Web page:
What K-12 IT directors should expect from upcoming net neutrality changes

Commentary: The FCC's rollback of Obama-era rules takes effect June 11. Here's what district technology leaders need to know — and what they can do to prepare.

Barring a legislative miracle, K-12 districts can expect the Federal Communications Commission’s (FCC) net neutrality repeal to go into effect on June 11 — and public school officials are worried.

This change will result in a complete restructuring of internet traffic, which could have major implications for education. But what sort of changes should K-12 IT directors expect to see, and what can they do to ease this transition for public schools?

Immediate and long-term effects of the repeal

It’s unlikely the effects of the repeal will be evident on June 11. In a recent press briefing about net neutrality, Keith Krueger, the CEO of the Consortium for School Networking (CoSN), addressed that point after describing his concerns about how the new rules will affect schools.


“I’m not saying the sky will fall tomorrow,” Krueger said, “but [school districts] do not have any mechanism, there is no real regulatory process, to deal with the problems that arise.”

The speed at which changes are felt depends on how each internet service provider (ISP) decides to monetize. While mainstream critics tend to focus on how the repeal will affect consumers’ ability to stream content and shop online, there has been a lot of discussion about how the repeal can give ISPs the power to make money at the expense of public education. These methods could include:

  • Higher internet costs: Internet users, including educational organizations, may face increased costs for internet service. The ability to use specific services, websites or platforms may be locked behind paywalls, leading to higher overall technology costs.
  • Internet “fast lanes”: ISPs can give specific content providers preferential treatment, based on how much they are willing to pay; those who are unable to pay these fees may have reduced connection speeds. In K-12 classrooms, where dozens of students may attempt to stream video content at any given time, this throttling could make certain edtech platforms unviable for everyday use.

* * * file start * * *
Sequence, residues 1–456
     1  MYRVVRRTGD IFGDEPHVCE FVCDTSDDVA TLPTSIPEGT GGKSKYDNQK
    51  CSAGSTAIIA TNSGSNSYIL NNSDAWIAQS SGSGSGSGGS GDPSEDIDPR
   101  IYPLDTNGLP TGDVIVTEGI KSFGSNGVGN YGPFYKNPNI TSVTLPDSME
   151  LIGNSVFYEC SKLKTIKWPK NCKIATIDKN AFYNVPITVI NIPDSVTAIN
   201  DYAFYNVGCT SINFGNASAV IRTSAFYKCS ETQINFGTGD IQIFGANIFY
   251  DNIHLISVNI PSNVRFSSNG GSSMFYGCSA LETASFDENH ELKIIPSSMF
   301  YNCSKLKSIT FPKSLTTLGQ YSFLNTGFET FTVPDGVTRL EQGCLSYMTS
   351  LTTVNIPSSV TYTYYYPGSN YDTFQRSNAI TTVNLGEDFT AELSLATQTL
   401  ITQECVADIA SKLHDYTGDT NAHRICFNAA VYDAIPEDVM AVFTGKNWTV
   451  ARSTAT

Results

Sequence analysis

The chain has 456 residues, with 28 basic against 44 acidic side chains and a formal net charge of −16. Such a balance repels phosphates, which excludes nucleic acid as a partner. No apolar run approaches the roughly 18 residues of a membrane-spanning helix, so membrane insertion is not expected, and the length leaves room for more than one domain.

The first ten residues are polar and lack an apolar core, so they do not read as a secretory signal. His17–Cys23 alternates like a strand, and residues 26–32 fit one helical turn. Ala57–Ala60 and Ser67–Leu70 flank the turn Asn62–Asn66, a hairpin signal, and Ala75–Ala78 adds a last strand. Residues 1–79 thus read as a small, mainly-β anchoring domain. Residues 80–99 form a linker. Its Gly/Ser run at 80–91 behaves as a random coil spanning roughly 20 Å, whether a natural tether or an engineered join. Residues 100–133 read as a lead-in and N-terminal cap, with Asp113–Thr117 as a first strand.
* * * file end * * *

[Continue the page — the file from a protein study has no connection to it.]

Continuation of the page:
The repeal’s impact on educational equity

In short, these changes endanger educational equity across the nation. “School districts are concerned about the threat of higher prices and reduced choices,” Krueger said during the briefing. “We’re also concerned that many of the most innovative digital content providers are small companies. They’re the ones we think are most likely to be throttled.” Both of these consequences will negatively impact educational objectives for thousands of school districts across the nation, further widening the tech gap.


Both school districts in low-income areas and edtech startups may face serious consequences. Underprivileged school districts already struggle to provide students with adequate technological access, and new ISP monetization efforts will only hinder these efforts. Meanwhile, the variety of viable edtech platforms will be diminished as “fast lanes” limit competition in the sector. Services that may see the brunt of this change will be those that utilize gamification and videos, as these are both data-intensive forms of content.

Of course, none of these eventualities are inevitable. Telecommunications companies thus far have repeatedly stated that customer experience would not suffer as a result of the repeal, but there is no legal barrier preventing them from pursuing these tactics.

Fortunately, as part of the ruling, ISPs will be forced to disclose any policy changes. School district officials will need to be alert to such changes so they can react accordingly.

What you can do to prepare for these changes

IT directors have a responsibility to track how their specific ISP’s monetization efforts may affect technology use in the classroom. Here are some places to start:

  • Reassess your district’s budget and determine if any desired services or edtech platforms will incur additional fees. Paid content may receive preferential treatment over content that is freely available, so teachers may need to adjust lesson plans to compensate for these changes.
  • Be vigilant when tracking new tech complaints and concerns. If teachers begin reporting that specific platforms have begun suffering connectivity issues, consider discontinuing use or finding a “fast lane” alternative.

The changes going into effect in June may undermine the quality of education on a national level, or they may have no notable effect — it all depends on the aims of your ISP. Nevertheless, addressing potential changes promptly can minimize the impact of the repeal on your district.

Bob Hand writes regularly from Boise, Idaho,
on the way that teachers use technology in the classroom. His studies as well as his experiences at high schools across the
state have given him greater insight into current edtech issues.

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